click here to jump to start of article
Join Our Newsletter

Get latest articles and videos with Jewish inspiration and insights​




Av 1

One whose anger and wrath are intense is not too far removed from insanity (Orchos Tzaddikim, Chapter 12).

It is not unusual to observe a person explode at what appears to be a minor provocation. When the response is so disproportionate to the stimulus, most likely the anger is not at all directed toward this provocation, but it has been displaced from some other target.

For example, someone becomes angry at his employer, but knows that to express this anger would jeopardize his job. His suppressed anger continues to churn within him and intensify precisely because it is being suppressed, because the frustration of not being able to discharge it adds to its fury. Upon coming home, someone in the household says or does something trivial, and our employee erupts with a violent outburst of rage.

Irrationality borders on insanity, since both essentially deny reality. In the above case, reality did not warrant so extreme a reaction; hence, the inappropriate reaction can be considered akin to insanity.

Granted that one cannot safely discharge his anger at his boss, but suppressing the anger is not the only alternative. A few moments of rational thought might help him get a handle on his anger. He might ask himself, "Why did the boss's comment affect me so deeply? Is it because I resent the superior-inferior relationship we have? Is it because I am insecure and I am interpreting his remark as a threat to my livelihood? Is it because his comment aroused self-doubts which I have been harboring?"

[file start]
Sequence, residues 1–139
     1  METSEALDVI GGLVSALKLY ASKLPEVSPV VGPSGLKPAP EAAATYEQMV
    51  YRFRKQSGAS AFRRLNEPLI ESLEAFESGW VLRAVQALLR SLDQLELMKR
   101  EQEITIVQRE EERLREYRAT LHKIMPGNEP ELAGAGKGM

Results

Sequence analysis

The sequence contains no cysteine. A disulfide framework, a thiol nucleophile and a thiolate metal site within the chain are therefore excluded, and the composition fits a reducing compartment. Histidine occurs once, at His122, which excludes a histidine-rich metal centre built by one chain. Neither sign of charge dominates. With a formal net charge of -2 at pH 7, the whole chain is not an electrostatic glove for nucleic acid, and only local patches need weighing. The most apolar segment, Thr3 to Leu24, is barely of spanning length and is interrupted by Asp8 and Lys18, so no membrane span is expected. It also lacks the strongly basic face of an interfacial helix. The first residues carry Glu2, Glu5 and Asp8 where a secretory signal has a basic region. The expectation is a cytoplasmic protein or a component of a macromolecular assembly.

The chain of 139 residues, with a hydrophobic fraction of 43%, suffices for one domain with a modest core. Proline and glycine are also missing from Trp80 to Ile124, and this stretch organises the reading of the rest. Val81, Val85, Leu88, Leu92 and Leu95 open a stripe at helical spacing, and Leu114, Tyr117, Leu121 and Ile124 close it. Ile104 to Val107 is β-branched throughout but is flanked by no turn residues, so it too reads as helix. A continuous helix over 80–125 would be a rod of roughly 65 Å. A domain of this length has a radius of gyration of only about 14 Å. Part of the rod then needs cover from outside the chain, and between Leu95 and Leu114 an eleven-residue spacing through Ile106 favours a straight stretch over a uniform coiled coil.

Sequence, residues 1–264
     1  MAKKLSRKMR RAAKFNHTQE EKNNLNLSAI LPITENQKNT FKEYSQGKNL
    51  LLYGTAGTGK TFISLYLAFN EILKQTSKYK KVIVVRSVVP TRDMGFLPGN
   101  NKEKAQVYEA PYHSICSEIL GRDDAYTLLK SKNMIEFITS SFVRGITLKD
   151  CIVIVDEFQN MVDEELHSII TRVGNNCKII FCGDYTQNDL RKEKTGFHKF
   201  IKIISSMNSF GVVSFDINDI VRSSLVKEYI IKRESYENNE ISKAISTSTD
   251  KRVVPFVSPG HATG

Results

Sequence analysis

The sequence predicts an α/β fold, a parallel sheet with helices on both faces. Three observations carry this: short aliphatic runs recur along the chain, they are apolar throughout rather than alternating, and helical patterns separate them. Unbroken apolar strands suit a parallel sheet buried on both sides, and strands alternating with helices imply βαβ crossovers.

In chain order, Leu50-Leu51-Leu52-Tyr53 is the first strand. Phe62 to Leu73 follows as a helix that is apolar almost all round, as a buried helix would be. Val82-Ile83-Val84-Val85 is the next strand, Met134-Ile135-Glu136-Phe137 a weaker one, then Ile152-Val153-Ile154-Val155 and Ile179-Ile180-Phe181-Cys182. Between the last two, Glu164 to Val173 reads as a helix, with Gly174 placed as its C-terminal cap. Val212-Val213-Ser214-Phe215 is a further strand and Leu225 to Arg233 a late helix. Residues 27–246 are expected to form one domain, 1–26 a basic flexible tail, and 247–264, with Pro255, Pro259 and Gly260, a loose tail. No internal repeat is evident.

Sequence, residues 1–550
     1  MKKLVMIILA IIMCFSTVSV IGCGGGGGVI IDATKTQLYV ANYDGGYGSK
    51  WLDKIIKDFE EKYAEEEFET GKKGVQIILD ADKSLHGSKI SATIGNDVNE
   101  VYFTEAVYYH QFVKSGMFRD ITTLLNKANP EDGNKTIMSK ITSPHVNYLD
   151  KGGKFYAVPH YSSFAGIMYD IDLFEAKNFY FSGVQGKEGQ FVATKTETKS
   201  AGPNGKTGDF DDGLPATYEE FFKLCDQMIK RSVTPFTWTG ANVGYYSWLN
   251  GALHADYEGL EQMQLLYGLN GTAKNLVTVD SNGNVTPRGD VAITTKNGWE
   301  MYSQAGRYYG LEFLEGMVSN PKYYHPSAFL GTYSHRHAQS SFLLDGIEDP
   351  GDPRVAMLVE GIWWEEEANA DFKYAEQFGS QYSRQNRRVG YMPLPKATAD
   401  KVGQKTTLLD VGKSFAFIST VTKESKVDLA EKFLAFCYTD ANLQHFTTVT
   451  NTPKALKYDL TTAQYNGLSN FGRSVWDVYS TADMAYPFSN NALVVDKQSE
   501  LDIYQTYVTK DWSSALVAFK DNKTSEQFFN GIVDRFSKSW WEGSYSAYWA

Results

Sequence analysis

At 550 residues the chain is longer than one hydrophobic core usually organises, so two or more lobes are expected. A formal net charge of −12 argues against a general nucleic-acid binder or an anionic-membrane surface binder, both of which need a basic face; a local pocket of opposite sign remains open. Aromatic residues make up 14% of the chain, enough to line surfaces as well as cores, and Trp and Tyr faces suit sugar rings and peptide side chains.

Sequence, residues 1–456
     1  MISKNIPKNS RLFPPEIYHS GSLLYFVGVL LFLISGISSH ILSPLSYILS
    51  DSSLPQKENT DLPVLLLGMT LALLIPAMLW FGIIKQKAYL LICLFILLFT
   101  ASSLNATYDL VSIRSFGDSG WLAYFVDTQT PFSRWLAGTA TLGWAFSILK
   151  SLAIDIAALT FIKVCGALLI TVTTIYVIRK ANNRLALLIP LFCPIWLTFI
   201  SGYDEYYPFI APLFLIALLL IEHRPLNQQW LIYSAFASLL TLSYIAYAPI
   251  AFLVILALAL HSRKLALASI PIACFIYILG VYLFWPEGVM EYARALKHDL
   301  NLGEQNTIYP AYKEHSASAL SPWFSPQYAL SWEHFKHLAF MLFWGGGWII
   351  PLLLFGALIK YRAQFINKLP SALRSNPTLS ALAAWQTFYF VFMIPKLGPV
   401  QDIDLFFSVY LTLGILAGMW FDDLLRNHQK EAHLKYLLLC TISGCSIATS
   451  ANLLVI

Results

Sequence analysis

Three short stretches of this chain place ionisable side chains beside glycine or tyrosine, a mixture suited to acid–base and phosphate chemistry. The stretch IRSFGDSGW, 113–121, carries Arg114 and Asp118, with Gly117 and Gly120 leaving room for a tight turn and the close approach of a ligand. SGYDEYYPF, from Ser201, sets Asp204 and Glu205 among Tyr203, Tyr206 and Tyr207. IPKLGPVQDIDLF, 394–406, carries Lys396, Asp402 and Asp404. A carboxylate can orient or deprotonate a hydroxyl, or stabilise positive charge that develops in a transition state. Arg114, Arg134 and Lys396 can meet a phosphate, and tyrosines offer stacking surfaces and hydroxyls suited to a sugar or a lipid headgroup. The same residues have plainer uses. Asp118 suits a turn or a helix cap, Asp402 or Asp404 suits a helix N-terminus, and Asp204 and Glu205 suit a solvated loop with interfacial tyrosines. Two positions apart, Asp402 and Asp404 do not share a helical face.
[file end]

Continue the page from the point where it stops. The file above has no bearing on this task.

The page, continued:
Analysis of an emotion can help dissipate it and prevent us from developing a short fuse which will result in an explosive reaction.

Today I shall...

try to analyze my anger and avoid developing an inappropriate response.

With stories and insights, Rabbi Twerski's new book Twerski on Machzor makes Rosh Hashanah prayers more meaningful. Click here to order...

Give Tzedakah! Help Aish.com create inspiring
articles, videos and blogs featuring timeless Jewish wisdom.

Visitor Comments: 1

(1) mysteries, July 22, 2009 7:41 PM

humane working conditions

When at work people often take their job roles too seriously and lose the perspective of their responsibilities. They laud over the other employees and treat them badly. Of course stress has a lot to do with it but why direct one's anger towards fellow employees. If the stress and ensuing anger cannot be controlled then surely those employees should try to de-stress. By taking out stress onto other people it leads to problems in inter-employee relationships. This happens in every job because the human mind gets too excited at the having power over others and always without fail misuses it.

Submit Your Comment:

  • Display my name?

  • Your email address is kept private. Our editor needs it in case we have a question about your comment.


  • * required field 2000
Submit Comment
stub